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A.I. better at diagnosing skin cancer than humans

Machines detected 95% of melanomas while humans spotted 86.6%

Adrian O'Dowd

Tuesday, 29 May 2018

An artificial intelligence (AI) system appears to be better at spotting and diagnosing skin cancer than human physicians, claims a study* published today in the Annals of Oncology.

A team of international researchers have now theorised that such technology could become an additional aid for dermatologists in diagnosing skin cancers.

Malignant melanoma incidence is increasing, with an estimated 232,000 new cases worldwide and around 55,500 deaths from the disease each year even though it can be cured if detected early.

A form of AI, or machine learning, known as a deep learning convolutional neural network (CNN) can help with melanoma detection, but data comparing a CNN’s diagnostic performance to larger groups of dermatologists are lacking.

Therefore researchers in Germany, the USA and France trained a CNN to identify skin cancer by showing it more than 100,000 images of malignant melanomas (the most lethal form of skin cancer), as well as benign moles (or nevi).

They created two test sets of images from the image library of the Department of Dermatology at University of Heidelberg in Germany that had never been used for training and therefore were unknown to the CNN.

One set of 300 images was built to solely test the performance of the CNN and before doing so, 100 of the most difficult lesions were selected to test real dermatologists in comparison to the results of the CNN.

For the study, dermatologists from around the world were invited to take part, and 58 from 17 countries around the world agreed.

Of these, 29% indicated they had less than two years’ experience in dermoscopy, 19% said they were skilled with between two to five years’ experience, and 52% were expert with more than five years’ experience.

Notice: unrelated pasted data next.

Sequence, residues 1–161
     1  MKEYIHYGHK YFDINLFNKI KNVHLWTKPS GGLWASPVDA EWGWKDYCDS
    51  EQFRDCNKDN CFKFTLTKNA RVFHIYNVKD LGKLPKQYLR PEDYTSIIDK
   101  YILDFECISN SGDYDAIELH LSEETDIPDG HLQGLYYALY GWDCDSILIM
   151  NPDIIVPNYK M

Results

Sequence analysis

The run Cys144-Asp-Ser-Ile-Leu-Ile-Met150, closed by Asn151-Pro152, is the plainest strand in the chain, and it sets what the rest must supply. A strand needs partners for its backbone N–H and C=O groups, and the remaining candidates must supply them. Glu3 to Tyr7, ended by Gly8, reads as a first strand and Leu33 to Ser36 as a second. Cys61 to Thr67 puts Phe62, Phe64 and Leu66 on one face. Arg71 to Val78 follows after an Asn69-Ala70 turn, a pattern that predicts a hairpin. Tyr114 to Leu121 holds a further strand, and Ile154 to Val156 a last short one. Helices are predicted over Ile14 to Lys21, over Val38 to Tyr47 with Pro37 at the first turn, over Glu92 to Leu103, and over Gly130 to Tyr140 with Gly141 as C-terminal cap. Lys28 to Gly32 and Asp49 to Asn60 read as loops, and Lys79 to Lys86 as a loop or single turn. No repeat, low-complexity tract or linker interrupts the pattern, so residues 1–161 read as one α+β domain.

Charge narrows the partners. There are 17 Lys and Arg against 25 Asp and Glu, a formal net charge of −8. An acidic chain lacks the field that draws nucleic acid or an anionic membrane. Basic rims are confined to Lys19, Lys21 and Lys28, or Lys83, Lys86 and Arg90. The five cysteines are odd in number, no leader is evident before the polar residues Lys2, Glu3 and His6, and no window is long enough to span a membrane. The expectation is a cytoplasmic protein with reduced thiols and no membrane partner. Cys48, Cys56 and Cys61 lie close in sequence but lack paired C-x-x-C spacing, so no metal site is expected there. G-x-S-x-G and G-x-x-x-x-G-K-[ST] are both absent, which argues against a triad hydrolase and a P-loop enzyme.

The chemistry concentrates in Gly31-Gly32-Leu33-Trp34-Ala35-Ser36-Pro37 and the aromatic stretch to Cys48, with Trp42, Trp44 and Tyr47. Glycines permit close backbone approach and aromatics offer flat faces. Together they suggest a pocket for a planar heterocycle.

The dermatologists were asked to first make a diagnosis of malignant melanoma or benign mole just from the dermoscopic images (level I) and make a decision about how to manage the condition.

Four weeks later, they were given clinical information about the patient (including age, sex and position of the lesion) and close-up images of the same 100 cases (level II) and asked for diagnoses and management decisions again.

In level I, the dermatologists accurately detected an average of 86.6% of melanomas, and correctly identified an average of 71.3% of lesions that were not malignant.

However, when the CNN was tuned to the same level as the physicians to correctly identify benign moles (71.3%), the CNN detected 95% of melanomas. At level II, the dermatologists improved their performance, accurately diagnosing 88.9% of malignant melanomas and 75.7% that were not cancer.

The first author of the study, Professor Holger Haenssle, senior managing physician at the Department of Dermatology, University of Heidelberg, said: “The CNN missed fewer melanomas, meaning it had a higher sensitivity than the dermatologists, and it misdiagnosed fewer benign moles as malignant melanoma, which means it had a higher specificity; this would result in less unnecessary surgery.”

The researchers concluded: “In conjunction with results from the reader study level-I and -II we could show, that the CNN’s diagnostic performance was superior to most but not all dermatologists.

“While a CNN’s architecture is difficult to set up and train, its implementation on digital dermoscopy systems or smart phone applications may easily be deployed. Therefore, physicians of all different levels of training and experience may benefit from assistance by a CNN’s image classification.”

*H.A. Haenssle, et al. Man against machine: diagnostic performance of a deep learning convolutional neural network for dermoscopic melanoma recognition in comparison to 58 dermatologists. Annals of Oncology. DOI:10.1093/annonc/mdy166

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